Infection control: Ounce of prevention is worth a pound of cure
One of the bigger buzz terms flying around healthcare circles is prevention plans. A cursory google search of “prevention plan” brings back a staggering thirty-nine million results, with the first page boasting everything from fire and accident, to heart attack and stroke prevention plans.
Behind each link, one finds an exhaustive list, usually with check boxes. In all my years working with healthcare professionals, I have yet to meet one that found the secrets to running an efficient and successful community from a series of checkboxes.
Long-term and skilled nursing care, as industries, are always evolving; new regulations and technological breakthroughs happen constantly. Much like the old saying about horses and stable doors - the same goes for prevention plans. You can't expect a generic plan to make a serious impact after a problem is discovered. How can a ready-made plan realistically impact your operation when the issues you face are so unique and specific to your community?
Prevention planning, of course, is a good thing… to a point. A true prevention plan should be viewed more as a metric than a plan. It should be the measuring stick placed alongside your current plan- not a newfound replacement. To truly be preventative, one must become proactive.
For example, being proactive with your infection prevention protocol goes beyond just managing patients when they exhibit signs of illness. Proactive means providing your residents and staff with the right resources to fight outbreaks before infection ever occurs.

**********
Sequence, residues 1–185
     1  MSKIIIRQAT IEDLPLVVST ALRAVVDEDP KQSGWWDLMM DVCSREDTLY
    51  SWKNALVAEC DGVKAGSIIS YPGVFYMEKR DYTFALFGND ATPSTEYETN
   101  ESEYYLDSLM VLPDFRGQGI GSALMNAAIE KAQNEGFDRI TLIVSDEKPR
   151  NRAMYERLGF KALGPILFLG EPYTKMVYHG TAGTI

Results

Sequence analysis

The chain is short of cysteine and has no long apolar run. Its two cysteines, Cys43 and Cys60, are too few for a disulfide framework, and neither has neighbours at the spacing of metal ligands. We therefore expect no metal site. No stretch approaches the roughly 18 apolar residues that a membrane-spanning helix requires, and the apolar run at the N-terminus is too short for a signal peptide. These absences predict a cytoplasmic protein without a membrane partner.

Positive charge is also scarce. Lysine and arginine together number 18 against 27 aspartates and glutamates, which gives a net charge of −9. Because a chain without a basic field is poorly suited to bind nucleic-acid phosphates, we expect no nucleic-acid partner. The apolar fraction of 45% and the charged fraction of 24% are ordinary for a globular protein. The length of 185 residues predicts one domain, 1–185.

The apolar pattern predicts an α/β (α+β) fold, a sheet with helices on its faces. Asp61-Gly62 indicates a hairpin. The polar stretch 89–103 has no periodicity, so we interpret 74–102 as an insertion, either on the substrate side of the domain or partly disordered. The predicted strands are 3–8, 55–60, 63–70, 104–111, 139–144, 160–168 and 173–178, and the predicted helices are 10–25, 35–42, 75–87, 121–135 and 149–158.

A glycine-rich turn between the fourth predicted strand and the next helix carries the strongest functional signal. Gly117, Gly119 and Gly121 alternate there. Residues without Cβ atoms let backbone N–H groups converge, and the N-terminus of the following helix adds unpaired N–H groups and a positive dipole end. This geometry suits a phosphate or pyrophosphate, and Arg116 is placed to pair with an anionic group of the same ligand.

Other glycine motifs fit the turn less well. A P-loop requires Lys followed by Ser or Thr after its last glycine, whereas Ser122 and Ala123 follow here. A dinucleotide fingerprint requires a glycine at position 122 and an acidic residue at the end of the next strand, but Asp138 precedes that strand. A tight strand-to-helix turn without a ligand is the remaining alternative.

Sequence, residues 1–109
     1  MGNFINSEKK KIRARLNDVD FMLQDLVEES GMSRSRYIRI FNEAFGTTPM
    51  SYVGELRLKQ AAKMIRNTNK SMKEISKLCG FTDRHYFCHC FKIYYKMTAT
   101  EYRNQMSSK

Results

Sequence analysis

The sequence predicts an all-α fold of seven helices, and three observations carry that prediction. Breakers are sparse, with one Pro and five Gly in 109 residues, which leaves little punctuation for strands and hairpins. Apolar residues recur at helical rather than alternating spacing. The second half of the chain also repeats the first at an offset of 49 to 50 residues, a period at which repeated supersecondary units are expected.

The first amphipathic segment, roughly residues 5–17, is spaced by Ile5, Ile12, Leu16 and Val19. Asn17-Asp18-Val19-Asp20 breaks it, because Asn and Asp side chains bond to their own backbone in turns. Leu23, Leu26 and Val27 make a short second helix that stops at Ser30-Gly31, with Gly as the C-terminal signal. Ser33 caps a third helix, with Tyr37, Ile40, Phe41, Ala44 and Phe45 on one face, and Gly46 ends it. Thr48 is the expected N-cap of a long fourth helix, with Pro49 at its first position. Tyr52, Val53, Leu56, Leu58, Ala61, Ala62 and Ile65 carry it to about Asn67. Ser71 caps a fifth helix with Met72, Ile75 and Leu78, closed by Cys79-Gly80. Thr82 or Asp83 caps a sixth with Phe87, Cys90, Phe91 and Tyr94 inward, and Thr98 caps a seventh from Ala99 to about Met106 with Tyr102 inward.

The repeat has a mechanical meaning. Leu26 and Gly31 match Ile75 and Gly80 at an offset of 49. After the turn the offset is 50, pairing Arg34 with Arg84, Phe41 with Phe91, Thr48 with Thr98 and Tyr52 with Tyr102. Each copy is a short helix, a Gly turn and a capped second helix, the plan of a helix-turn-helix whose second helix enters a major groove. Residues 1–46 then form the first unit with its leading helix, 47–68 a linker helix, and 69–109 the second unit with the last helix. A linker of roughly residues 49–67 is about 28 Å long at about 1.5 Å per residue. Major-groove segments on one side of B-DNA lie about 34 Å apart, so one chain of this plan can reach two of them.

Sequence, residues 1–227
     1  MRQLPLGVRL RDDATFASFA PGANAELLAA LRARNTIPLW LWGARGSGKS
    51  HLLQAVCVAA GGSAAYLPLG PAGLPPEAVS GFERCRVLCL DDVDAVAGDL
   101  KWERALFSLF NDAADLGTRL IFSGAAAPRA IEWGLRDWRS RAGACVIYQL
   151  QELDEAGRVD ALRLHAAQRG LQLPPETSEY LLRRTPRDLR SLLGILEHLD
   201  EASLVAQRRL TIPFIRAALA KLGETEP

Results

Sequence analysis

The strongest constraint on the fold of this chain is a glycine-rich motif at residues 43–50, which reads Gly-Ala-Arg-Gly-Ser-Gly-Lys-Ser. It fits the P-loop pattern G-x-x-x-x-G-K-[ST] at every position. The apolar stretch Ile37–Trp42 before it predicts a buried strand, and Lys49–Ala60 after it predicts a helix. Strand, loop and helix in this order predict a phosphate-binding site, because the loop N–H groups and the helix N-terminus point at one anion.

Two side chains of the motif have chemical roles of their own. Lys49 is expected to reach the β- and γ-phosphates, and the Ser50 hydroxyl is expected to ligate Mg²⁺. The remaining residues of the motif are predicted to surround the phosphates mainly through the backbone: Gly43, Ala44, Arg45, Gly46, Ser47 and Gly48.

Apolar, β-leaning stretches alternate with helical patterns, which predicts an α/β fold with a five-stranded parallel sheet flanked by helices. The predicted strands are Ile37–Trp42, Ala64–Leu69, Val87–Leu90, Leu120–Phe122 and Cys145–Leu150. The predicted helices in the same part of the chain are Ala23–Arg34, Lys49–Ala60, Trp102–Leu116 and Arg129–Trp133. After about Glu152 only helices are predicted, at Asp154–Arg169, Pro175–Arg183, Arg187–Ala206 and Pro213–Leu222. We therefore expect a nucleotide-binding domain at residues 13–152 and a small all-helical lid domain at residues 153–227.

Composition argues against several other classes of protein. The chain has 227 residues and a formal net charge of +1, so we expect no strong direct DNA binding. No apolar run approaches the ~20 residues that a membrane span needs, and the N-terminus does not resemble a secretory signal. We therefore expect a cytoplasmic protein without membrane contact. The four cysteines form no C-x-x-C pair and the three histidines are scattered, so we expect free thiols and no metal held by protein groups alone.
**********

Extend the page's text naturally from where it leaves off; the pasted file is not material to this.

The 2014-2015 flu season was a great example of why healthcare communities need proactive infection prevention plans. Between the ineffective vaccines and the aggressive strains moving around, this year was easily one of the worst on record. An infectious outbreak in your community has multiple, severe consequences. First off, the health of your residents and staff is placed in jeopardy. A major outbreak in either of those groups can cripple your operation for months after infection. Second, your reputation could be damaged, making it more difficult to attract new patients.
In 2014, Popular Science published a compelling article about the threats that lurk in our air- things like MRSA, C.Diff, mold, even the flu. This means that standard hand and surface cleaning protocols may not effectively suppress airborne pathogens as they drift around your community. And when your community is made up of immunocompromised individuals, taking the next step, and scrubbing your air becomes essential.
New technologies are available that vary in application- from UV lights to plasma gas, the ability to effectively manage airborne infection has become a reality. If you have large operating-rooms that see a high-volume of patients, making the investment in a UV robot could be a good solution for you. If you are looking to treat and manage the airflow in a community, a plasma-based solution would be the best application.
Plasma-technology can be applied in the presence of patients, whereas UV is suitable only for a closed environment. And while the idea of a futuristic germ fighter is fun (I get it, I just sent this to my wife as a potential birthday/Christmas/anything gift), the reality of the application is bit restrictive (much like a having a fridge that brings you beer).
No matter the route you choose, being proactive and addressing your air will benefit your community. Your staff and residents will be happier, but more importantly, healthier.
Joe Crowley is a freelance infection control specialist.